On Succession and Leadership

July 2, 2007 at 11:08 am Leave a comment

Jul 1, GBC (SUN) – Interview with Bhakti Vijnana Swami Chair of the Committee on Succession and Leadership

What is your vision?

We recognize the need for consistent succession policies in the society. The first generation of Srila Prabhupada’s disciples are aging. We now read regularly of a senior devotee’s passing away. We need to ensure that the mood, teachings, energy, and ideas of Srila Prabhupada are properly preserved and transmitted. Generation after generation. We wish to identify and empower devotees with leadership potential to ensure the proper succession. This is our long term need.

The main strategy to accomplish this will be training and education initiatives that encapsulate these principles. We identified three strategies to ensure succession: short, middle, and long term:

Long term: We need to identify and train the potential future leaders amongst the young generation of ISKCON devotees—both those born in the movement, and those joining. We need to provide them with thorough, systematic training in all areas of Krishna conscious leadership.

Mid term strategy: potential leaders who are already engaged full time in our temples need more systematic training and consistent empowerment for their growth.

Short term: Professional development and education and training of our present leaders on the ongoing basis.

In present-day terms, this coresponds to talent scouting, systematic training, and professional development. Some of our present leaders are already doing this through courses and training processes. They need ongoing encouragement and support. In many other places this isn’t happening yet.

What were some of the challenges you have faced?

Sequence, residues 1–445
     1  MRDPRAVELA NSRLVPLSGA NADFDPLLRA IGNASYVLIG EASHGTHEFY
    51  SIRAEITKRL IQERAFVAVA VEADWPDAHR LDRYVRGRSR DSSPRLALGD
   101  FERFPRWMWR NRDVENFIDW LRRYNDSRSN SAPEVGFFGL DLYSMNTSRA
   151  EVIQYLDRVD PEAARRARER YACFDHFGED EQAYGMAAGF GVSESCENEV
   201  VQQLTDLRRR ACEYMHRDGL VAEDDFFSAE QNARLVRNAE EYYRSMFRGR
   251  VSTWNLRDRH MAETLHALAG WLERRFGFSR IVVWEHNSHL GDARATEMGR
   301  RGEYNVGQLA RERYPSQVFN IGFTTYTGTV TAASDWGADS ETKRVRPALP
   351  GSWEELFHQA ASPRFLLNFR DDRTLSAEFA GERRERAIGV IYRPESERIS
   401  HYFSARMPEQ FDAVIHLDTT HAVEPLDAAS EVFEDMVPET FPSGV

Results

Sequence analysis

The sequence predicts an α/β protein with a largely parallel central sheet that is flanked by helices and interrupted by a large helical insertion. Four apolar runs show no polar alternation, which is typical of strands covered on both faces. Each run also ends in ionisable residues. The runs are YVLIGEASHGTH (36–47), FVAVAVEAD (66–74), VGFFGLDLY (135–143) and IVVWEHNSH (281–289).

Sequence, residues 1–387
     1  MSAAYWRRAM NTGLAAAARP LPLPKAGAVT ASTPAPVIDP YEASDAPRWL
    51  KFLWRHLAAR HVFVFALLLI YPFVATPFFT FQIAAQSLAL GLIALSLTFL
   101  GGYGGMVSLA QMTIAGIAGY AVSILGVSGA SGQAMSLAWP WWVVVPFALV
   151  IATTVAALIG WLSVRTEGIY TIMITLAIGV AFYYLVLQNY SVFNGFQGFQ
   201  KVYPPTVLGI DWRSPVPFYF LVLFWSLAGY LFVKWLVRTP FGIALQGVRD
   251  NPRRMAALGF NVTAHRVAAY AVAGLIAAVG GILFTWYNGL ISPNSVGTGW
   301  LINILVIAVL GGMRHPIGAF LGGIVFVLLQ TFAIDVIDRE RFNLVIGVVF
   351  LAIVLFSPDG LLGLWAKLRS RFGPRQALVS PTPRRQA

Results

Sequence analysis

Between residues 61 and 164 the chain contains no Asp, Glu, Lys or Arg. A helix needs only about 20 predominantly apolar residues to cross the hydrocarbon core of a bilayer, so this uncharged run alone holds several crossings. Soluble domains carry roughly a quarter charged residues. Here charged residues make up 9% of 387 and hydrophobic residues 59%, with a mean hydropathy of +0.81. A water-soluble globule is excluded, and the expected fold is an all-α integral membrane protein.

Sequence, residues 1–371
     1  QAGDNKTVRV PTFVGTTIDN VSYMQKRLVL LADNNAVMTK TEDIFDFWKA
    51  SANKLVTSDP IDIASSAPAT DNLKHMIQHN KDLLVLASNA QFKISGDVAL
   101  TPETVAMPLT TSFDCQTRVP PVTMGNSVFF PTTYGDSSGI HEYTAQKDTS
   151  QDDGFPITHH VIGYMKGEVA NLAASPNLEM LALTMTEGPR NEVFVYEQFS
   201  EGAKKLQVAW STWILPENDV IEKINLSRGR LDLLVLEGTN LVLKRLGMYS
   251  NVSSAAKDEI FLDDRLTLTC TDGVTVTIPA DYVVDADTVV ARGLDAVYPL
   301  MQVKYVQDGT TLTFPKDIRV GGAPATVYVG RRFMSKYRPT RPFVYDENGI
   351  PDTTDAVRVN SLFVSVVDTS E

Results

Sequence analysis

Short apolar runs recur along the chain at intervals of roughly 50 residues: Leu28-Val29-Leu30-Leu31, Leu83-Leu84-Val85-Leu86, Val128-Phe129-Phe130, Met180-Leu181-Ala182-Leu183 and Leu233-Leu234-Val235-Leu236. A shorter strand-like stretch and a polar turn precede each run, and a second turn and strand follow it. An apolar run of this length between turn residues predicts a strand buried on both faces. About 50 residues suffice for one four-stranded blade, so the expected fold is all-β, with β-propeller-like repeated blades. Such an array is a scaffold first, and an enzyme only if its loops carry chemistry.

In the beginning we struggled to find consensus. We work in different areas and have different experiences and opinions; it took a lot of dialogue to come to a unified understanding and vision. ISKCON is so diversified, making it hard to design a system which works everywhere; we discussed the need for unify in diversity—teaching universal standards, but also allowing for regional adjustments.

We concluded that the training should not be just academic, but something that changes the heart and facilitates transformative experiences so trainees “own” and realize the knowledge. Experience is key, and we hope the process will instil a strong allegiance and faith in Srila Prabhupada’s mission and goals. Academic knowledge is easier to teach, but that is not enough. We want to transmit values and spiritual culture.

We identified one core element which helps transform the heart: the personal teacher-student relationship. We want this next generation of leaders to place a strong emphasis on spiritual care. Therefore, this educational system needs to reflect that care throughout its operation. We will need qualified teachers and trainers.

Once established, we hope to have more qualified leaders—something that will be felt across the movement. A strong leader creates an atmosphere of inspiration and proper values, and a culture of spiritual care and empowerment. We want to try to recreate the mood of enthusiasm and commitment that typified much of the earlier days in ISKCON.

We are talking about creating a leadership academy which would be a kind of graduate-level institution. We want to train both spiritual leaders and managerial leaders, in other words both brahmanas and ksatriyas.

A challenge our committee faces is communicating this urgent need to the GBC body and the rest of ISKCON to get their full support. We need resources for this initiative and for this we have to elicit support from different sections of ISKCON.

When the conceptual stage is finished we will next plan the specifics—the facilities need, the staff, etc. We are not certain of the exact location of this “ISKCON Academy for Leadership”, but we are leaning towards having it in India for reasons including Srila Prabhupada’s desire and the availability of resources.

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